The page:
Oireachtas Joint and Select Committees

Tuesday, 17 December 2019

Joint Oireachtas Committee on Agriculture, Food and the Marine

Irish Greyhound Industry: Irish Coursing Club

Mr. D.J. Histon:

The first issue Deputy Cahill raised was testing. He indicated he would like to see greater sanctions against the owner, trainer or responsible person. As I intimated in my submission, it is an independent committee that delivers the sanctions. A wide array of sanctions is available to the committee, including exclusion orders against the individuals in question. Where we differ from other jurisdictions is that we suspend the greyhound immediately once the dog has tested positive. Pending a hearing, we suspend the dog immediately with a maximum period of six months in a coursing season. We have recently changed the rule for this season that in the event of a greyhound being found in breach of rule 88, it is not entitled to run in any further classic event. This limits the dog's competing ability so it is a fairly serious sanction. For a repeat offender, the fines are automatically ramped up and exclusion orders are available for the committee to invoke. We are independent of that so we do not issue the sanctions. We will certainly take on board the Deputy's point. I agree that we do not want people in the industry who are going to breach the rules and bring the sport into disrepute.

In terms of revenue and support to the retired greyhound trust, IRGT, as I said we currently provide a significant amount of administrative work which is quite time consuming. It is all very necessary and we are very happy to do it. As the Deputy said, we do not have the luxury of restaurants or other such facilities, unfortunately. From the prize money end, on a rough count it would come to about €900,000 in the round each year for all coursing meetings and all events at every coursing meeting. We would be looking at a 5% contribution from that. The Deputy is correct that the national meeting is certainly a good vehicle for fundraising given the large numbers who attend. We will certainly take on board his suggestion about a levy on the admission charge or some other way that would make a meaningful contribution to the IRGT, which does great work. I was involved with many of the welfare bodies in my previous role and have a good relationship with them.

There is no point in us all trying to fight for the same space. We should work together to increase the number of homes available for all greyhounds, be they coursing or track dogs.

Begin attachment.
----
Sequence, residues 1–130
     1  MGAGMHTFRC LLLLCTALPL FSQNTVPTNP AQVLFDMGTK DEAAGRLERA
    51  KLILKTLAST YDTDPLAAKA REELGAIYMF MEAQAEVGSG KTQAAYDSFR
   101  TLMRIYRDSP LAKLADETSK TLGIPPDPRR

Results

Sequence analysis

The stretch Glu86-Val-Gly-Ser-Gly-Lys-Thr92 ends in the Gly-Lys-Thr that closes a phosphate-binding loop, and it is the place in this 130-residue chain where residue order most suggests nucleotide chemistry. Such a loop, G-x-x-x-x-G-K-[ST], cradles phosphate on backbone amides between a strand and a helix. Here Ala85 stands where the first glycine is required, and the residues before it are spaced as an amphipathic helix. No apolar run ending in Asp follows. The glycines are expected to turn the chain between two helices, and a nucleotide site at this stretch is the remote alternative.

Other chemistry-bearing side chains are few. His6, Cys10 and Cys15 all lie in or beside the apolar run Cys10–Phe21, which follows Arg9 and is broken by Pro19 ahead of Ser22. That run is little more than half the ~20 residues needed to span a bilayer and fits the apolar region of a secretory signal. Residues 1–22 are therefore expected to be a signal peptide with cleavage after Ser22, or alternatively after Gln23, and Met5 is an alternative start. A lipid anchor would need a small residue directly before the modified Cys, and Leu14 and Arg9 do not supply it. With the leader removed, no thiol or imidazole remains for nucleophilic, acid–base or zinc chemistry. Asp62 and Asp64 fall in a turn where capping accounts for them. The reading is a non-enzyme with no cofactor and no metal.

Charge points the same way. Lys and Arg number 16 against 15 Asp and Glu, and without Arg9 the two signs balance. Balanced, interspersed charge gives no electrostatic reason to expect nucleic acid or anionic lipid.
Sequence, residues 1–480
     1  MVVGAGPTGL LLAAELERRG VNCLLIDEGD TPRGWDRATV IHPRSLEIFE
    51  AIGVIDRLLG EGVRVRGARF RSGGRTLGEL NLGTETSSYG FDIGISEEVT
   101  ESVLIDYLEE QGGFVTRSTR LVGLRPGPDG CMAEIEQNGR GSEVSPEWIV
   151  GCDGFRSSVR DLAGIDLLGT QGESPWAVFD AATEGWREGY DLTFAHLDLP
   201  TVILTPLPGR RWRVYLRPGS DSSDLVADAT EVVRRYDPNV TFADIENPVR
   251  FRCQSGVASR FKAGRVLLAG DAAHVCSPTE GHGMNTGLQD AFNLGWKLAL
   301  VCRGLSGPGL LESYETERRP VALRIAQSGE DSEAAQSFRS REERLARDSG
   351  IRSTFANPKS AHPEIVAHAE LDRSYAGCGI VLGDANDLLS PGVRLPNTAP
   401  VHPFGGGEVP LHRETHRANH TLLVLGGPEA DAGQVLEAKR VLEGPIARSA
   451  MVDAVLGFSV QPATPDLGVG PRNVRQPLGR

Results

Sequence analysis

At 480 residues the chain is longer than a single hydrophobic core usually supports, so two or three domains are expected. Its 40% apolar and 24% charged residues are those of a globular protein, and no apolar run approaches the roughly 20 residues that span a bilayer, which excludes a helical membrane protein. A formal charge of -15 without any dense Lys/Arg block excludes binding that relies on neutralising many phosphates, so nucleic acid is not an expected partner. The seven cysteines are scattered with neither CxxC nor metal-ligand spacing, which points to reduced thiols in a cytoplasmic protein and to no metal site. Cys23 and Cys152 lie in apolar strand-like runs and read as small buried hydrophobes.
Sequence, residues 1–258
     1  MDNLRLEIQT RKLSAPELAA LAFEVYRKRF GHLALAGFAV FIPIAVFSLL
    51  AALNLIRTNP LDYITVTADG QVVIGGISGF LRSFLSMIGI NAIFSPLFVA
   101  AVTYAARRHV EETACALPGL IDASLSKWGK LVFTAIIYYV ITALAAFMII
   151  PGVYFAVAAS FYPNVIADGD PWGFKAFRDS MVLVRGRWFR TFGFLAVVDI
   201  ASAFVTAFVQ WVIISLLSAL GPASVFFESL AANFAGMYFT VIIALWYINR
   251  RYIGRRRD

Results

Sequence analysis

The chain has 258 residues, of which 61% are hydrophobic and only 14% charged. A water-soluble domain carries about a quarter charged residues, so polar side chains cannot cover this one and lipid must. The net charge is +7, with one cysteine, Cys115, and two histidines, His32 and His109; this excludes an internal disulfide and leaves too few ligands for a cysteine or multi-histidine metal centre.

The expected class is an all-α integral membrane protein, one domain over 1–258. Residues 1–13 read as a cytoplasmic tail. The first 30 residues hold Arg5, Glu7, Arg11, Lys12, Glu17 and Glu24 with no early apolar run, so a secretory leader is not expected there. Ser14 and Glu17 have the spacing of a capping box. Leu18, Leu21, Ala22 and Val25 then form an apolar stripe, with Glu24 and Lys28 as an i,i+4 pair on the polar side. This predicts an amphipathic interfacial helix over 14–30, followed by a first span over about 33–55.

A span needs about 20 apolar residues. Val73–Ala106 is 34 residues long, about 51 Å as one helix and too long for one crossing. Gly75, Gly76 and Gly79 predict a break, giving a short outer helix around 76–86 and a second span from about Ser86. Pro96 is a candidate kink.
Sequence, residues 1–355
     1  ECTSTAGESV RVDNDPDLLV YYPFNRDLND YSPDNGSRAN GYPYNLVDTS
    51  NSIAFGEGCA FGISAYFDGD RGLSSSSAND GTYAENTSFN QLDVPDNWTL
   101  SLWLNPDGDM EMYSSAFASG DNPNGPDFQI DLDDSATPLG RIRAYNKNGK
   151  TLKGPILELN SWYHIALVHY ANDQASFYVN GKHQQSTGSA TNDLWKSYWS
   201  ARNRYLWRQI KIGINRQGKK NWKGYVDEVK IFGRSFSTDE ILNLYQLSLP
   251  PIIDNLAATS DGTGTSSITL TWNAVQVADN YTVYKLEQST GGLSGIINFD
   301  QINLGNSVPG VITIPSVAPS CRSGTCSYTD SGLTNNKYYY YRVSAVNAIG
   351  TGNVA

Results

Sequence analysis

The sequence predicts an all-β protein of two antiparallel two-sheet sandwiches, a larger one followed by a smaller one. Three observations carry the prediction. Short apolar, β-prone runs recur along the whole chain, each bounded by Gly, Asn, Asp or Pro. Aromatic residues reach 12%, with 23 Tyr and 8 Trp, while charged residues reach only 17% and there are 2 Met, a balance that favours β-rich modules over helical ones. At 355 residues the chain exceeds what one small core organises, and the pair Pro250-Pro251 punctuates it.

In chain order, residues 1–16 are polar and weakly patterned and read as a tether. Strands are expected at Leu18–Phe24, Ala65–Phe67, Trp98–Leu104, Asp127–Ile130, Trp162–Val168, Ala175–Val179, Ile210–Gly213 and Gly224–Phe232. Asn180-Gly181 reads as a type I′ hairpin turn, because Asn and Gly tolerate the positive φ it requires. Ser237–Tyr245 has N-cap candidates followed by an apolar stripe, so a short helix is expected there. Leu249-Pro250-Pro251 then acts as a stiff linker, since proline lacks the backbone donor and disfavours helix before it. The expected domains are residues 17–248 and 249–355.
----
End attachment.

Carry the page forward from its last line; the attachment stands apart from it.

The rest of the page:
Illegal hunting will always be an issue. It is very difficult to police because it can happen any time of the day or night anywhere in the country. As we know, the resources of the Garda and National Parks and Wildlife Service are limited. We held a joint meeting with the Irish Farmers Association, the Department of Agriculture, Food and the Marine, the ISPCA, the PSNI and the NPWS. It was a very good meeting because we all set out our stalls with regard to how illegal hunting impacts on the various bodies and the best way to combat it. The PSNI gave an outline of Operation Lepus, which was how the authorities in the North tried to tackle illegal hunting. Good information was shared. The superintendent in Swords gave a good outline of how the Garda in the area has tackled the issue. The superintendent in Kildare is also very focused on this issue and has brought a number of prosecutions. The NPWS has established a memorandum of understanding with the ISPCA, as the Deputy mentioned. Seizing the dogs is a difficulty. The problem is that dogs that are seized must be held and the court case can take a long time. To all intents and purposes, the dogs would probably be given back to the owners after the court case but there is an expense involved in keeping and maintaining the dogs during that time. There is no easy solution to the problem.

Deputy Stanley asked how we include Northern Ireland. The stud book we operate includes Northern Ireland, so it includes all thoroughbred greyhounds on the island. We also regulate the greyhound tracks. There are two greyhound tracks in the North that sit outside the IGB remit. As a semi-State body, the IGB's reach does not go beyond the Border, as the Deputy said. From that perspective, all the greyhounds are in the same system. They are in the stud book and in the race management system operated by the IGB. If a dog races in Northern Ireland, it is automatically on the IGB system. At all times, therefore, information is available on dogs' performances. Typically, a greyhound that races in Drumbo Park near Belfast would also race in Dundalk or Shelbourne Park and a dog that races in Derry would race in Lifford or another track in the west on this side of the Border. That crossover occurs naturally in any case.